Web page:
Singapore Airlines appears set to be the next major Asia-Pacific carrier to undergo job-cutting measures, with many positions potentially becoming “irrelevant” after it completes a significant business review, the South China Morning Post reports.

The cutting or redeployment of jobs at Singapore Airlines would be the latest indicator of an ongoing struggle facing Asia’s major carriers as they try to contend with competition from airlines in the Middle East and mainland China.

Late last month, fellow legacy carrier Cathay Pacific announced it would be cutting 600 members of staff in both management and non-management roles by the end of the year. The previous month, it had posted a massive HK$575 million (US$74 million) loss in its annual financial result statement for 2016, down from a HK$6 billion (US$773 million) profit in 2015.

At this stage it is unclear whether Singapore Airlines’ review will lead to cuts from management and non-management staff, as with Cathay Pacific, or also frontline employees, pilots and cabin crew.

Earlier this year, Singapore Airlines recorded a net profit more than 50 percent lower than the previous year, at S$360.4 million (US$261 million). In its financial report, the airline attributed this partly to its S$138 million (US$99.8 million) net loss in the fourth quarter – down from a S$225 million (US$163 million) net profit in the same period the previous year.

But it’s not just Asian airlines that are affected by the growing competition posed by Middle Eastern and Chinese carriers, and many US and European airlines have been developing partnerships with carriers in the region in order to contend with these threats.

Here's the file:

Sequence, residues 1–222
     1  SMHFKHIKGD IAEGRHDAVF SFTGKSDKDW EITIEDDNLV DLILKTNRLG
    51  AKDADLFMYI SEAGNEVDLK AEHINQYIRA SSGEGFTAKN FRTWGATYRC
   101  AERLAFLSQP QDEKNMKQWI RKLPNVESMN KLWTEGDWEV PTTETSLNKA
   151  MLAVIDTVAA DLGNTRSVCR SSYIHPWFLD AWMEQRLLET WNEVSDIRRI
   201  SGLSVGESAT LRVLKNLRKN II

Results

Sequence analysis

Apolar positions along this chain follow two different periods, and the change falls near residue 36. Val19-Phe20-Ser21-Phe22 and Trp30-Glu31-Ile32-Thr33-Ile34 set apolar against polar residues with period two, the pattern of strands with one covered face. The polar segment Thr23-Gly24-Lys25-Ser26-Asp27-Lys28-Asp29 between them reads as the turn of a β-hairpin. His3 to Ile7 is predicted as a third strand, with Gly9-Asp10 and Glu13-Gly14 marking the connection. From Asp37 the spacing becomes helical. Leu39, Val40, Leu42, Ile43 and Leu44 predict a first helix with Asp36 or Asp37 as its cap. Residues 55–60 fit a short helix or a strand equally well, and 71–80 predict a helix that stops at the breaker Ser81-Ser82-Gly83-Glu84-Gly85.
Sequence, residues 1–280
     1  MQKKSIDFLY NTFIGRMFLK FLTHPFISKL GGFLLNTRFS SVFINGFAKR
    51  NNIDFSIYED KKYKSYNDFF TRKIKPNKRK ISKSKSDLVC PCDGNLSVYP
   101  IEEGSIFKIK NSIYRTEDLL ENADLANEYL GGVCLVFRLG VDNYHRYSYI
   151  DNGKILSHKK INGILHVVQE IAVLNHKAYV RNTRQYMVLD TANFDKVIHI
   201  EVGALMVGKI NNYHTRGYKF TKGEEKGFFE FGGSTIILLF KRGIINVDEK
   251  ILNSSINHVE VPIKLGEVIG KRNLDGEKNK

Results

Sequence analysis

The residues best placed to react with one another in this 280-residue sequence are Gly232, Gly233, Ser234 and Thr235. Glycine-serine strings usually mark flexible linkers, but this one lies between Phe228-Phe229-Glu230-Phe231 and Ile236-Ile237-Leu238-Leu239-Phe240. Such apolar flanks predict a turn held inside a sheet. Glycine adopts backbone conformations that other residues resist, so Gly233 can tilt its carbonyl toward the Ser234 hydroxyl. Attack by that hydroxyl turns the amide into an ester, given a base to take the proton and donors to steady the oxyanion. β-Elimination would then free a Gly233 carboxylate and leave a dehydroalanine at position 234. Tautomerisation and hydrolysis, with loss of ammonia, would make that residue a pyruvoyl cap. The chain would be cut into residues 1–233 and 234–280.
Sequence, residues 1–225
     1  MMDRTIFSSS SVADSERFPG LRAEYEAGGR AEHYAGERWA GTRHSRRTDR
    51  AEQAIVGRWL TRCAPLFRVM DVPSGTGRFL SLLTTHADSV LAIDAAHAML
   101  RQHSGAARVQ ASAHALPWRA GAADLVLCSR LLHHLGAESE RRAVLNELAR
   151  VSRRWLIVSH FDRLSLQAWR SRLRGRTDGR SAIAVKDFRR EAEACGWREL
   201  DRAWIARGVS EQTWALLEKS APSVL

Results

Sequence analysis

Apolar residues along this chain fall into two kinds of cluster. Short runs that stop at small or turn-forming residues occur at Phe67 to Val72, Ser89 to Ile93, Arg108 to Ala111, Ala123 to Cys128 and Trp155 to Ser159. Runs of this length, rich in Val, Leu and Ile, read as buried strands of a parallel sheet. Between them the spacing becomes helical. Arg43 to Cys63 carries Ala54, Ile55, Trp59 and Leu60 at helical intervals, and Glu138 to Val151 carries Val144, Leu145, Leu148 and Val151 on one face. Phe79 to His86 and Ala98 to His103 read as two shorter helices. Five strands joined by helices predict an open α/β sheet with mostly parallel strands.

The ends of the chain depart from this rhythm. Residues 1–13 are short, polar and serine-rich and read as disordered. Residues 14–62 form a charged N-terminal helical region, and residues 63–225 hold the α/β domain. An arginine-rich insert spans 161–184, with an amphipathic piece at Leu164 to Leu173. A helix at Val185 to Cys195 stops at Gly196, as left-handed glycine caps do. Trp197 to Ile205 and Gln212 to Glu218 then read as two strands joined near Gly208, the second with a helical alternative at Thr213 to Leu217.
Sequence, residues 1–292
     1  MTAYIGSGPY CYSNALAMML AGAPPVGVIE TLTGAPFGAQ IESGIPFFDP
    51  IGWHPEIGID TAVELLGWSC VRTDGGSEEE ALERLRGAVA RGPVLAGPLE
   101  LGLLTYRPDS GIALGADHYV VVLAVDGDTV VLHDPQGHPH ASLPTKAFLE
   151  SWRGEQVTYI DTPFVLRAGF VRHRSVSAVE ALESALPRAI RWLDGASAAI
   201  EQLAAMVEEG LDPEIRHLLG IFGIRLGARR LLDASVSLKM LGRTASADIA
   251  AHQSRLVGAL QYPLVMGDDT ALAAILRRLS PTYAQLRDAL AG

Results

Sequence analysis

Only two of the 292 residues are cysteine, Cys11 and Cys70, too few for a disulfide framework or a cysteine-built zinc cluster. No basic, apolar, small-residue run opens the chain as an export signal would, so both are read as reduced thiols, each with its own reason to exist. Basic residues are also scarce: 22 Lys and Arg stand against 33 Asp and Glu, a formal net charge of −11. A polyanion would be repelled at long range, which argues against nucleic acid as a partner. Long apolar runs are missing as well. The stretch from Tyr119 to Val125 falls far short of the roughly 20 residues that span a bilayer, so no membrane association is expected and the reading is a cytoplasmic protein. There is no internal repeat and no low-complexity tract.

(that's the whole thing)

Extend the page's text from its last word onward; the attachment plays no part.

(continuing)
Among the most notable of these was the decision in March by Cathay Pacific and Lufthansa to begin partnering via codeshare services and frequent flyer programme cooperation, despite being members of rival airline alliances, in a move aimed at competing with Gulf and Chinese carriers.

In another instance of oneworld/Sky Team member airlines coordinating, in March China Southern confirmed a US$200 million sale of 270 million of its shares to American Airlines. The two carriers also began a major codesharing agreement that gave the US carrier access to more than 40 Chinese destinations through connections in Beijing and 30 through connections in Shanghai – a significant boon for the member of the oneworld alliance, which currently has no Chinese member airlines.

In related news, fellow airline alliance Star Alliance recently welcomed Chinese carrier Juneyao Airlines into its fold as a Connecting Partner, giving it key connectivity to and through Shanghai – a blank spot on its network ever since the departure of Shanghai Airlines from the alliance in 2010.

Back in December, meanwhile, Delta Air Lines announced it would be partnering with Korean Air as a means to expand its transpacific network. This most recently took the form of a new route between Delta’s hub at Atlanta to Seoul Incheon, and will be followed this summer by added frequencies on Korean Air’s services to Los Angeles and San Francisco.